Many different occupations require a worker to work at or from a height such as builders, roof workers, painters, electricians, plumbers, scaffolders, tilers, truck drivers and a multitude of other trades.
Working from heights means working where falling would mean falling from one level to another. Working at a height can pose a serious or life threatening risk of injury. Falls from a height are a major cause of death and serious injury in Australian workplaces.
Safe Work Australia published a report titled ‘Work-related Injuries and Fatalities Involving a Fall from Height, Australia, October 2013’. The report presents an analysis of data on fatalities, serious injuries and hospitalisations resulting from a fall from height while working in or at a workplace. An extract from this report detailed:
- Over the eight-year period from 1 July 2003 to 30 June 2011, 232 workers were killed following a fall from a height, 11% of all workers killed over this period. In 2010–11, 29 workers died following a fall from height equating to 0.25 fatalities per 100 000 workers.
- Using the full eight years of the fatalities series the occupation groups with the highest number of falls-related fatalities were
- Painting trades workers (14 fatalities), Building & plumbing labourers (12), Truck drivers (10), Plumbers (10), Deck & fishing hands (9), Electricians (8), Handypersons (8) and Storepersons (8).
- Half of the falls that resulted in a fatality involved distances of three metres or less in the eight years 2003–11. Falls from ladders accounted for the greatest number of fatalities (37 fatalities 16%). This was followed by falls from vehicles (27) and falls from roofs (25).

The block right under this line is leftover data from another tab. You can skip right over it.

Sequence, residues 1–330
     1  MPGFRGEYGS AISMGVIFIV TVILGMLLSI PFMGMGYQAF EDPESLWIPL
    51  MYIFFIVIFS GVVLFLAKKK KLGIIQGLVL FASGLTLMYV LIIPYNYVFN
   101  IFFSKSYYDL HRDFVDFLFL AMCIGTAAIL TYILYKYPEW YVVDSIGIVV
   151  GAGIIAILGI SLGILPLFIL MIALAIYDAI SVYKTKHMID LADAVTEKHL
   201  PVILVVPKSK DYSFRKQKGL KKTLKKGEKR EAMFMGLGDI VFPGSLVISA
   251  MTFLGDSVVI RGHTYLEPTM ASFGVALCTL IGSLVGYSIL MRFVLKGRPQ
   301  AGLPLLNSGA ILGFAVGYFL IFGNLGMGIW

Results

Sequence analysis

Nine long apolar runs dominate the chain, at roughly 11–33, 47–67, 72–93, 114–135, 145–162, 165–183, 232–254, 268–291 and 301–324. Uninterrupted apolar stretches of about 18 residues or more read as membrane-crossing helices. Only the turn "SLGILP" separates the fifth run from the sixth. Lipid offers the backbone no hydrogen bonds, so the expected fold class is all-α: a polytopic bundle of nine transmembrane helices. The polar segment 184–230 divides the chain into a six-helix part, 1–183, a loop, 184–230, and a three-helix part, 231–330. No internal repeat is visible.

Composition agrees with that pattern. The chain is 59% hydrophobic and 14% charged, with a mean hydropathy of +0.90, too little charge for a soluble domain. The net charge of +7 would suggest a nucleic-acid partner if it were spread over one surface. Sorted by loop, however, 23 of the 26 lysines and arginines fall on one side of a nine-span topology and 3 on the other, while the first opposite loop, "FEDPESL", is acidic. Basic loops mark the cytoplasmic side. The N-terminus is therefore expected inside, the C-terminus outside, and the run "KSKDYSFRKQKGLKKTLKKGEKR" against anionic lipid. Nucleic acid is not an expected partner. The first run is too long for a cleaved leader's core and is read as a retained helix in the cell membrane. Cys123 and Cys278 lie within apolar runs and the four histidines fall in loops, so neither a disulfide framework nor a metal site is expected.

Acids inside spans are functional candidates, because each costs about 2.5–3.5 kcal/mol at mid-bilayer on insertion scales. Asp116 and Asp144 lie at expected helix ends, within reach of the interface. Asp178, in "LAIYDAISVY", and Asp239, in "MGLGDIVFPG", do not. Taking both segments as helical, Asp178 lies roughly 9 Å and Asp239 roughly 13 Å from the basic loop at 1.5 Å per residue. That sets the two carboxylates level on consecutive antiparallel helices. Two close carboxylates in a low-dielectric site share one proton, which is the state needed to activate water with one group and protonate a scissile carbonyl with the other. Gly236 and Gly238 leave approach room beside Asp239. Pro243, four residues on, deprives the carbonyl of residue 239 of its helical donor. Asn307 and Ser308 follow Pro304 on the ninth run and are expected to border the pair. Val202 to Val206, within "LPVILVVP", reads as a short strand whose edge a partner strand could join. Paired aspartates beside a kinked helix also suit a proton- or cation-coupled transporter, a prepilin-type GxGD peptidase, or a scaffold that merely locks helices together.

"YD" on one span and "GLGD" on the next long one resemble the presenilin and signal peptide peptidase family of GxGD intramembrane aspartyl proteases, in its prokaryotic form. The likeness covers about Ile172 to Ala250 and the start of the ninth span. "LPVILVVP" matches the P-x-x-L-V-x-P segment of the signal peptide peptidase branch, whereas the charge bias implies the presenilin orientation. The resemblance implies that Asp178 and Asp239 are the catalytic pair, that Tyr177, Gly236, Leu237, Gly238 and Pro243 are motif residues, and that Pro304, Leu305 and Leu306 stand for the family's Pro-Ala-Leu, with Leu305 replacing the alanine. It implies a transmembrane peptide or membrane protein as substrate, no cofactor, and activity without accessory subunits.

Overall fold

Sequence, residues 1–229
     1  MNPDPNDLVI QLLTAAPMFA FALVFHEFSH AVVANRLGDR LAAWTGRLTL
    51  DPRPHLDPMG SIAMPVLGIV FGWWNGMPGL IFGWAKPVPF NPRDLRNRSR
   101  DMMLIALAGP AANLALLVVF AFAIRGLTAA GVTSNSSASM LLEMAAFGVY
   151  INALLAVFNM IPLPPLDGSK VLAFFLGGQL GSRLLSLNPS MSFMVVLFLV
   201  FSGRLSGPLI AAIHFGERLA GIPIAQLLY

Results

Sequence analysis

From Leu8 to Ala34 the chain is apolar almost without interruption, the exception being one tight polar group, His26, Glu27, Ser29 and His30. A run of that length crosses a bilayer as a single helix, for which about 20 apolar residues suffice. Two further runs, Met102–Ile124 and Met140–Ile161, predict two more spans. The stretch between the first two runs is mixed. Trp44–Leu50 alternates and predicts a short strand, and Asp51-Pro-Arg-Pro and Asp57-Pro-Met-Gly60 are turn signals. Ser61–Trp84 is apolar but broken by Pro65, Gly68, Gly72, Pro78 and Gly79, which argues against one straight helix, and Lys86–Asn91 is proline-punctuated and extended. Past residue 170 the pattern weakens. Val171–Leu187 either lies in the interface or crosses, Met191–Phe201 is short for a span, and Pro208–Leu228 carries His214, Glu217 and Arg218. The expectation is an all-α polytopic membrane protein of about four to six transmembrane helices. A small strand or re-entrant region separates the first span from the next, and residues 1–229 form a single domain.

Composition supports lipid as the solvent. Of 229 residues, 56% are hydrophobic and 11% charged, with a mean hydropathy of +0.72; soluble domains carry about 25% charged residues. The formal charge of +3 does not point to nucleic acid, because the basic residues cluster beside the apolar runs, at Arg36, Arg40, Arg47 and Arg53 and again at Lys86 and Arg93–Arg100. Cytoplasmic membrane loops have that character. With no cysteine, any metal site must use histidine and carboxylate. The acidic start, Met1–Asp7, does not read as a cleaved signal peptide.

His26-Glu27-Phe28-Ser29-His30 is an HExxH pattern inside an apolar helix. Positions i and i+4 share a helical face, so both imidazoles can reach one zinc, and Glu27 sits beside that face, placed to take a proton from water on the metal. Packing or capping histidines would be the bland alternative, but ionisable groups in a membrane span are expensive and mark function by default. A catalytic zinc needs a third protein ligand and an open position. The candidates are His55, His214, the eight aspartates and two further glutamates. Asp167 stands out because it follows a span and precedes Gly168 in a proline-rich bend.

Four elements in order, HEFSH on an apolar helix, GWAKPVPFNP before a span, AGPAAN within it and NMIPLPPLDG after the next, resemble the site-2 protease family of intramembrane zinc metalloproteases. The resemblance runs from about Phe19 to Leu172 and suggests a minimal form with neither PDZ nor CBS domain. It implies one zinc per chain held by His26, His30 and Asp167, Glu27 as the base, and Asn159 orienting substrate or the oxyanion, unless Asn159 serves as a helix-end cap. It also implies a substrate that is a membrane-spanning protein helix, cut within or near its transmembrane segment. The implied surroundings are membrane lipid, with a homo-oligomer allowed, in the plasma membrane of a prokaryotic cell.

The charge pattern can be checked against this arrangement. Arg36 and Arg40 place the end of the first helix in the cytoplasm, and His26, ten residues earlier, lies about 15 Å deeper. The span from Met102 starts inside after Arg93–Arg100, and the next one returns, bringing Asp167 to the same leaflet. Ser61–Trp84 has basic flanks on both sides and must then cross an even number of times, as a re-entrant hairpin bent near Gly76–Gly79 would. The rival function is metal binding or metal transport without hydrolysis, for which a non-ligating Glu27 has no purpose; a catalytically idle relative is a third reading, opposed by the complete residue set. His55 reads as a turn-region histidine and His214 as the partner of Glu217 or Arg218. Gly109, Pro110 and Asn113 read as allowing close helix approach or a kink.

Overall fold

Whilst falls can also occur at ground level by falling into holes, trenches or service pits, the above statistics show that workers who work at or from a height are at risk of injury or even death if appropriate control measures are not put in place.
Under WHS legislation, the PCBU has the primary duty under the WHS Act to ensure, as far as reasonably practicable, that workers and other persons are not exposed to health and safety risks arising from the business or undertaking.
A person conducting a business or undertaking has more specific obligations under the WHS Regulations to manage the risk of a fall by a person from one level to another, including requirements to:
- ensure, so far as is reasonably practicable, that any work involving the risk of a fall is carried out on the ground or on a solid construction
- provide safe means of access to and exit from the workplace
- minimise the risk of falls so far as is reasonably practicable by providing a fall prevention device, work positioning system or a fall arrest system.
Workers also have a duty to take reasonable care for their own health and safety and that they do not adversely affect the health and safety of other persons. Workers must comply with any reasonable instruction given by the person conducting the business or undertaking.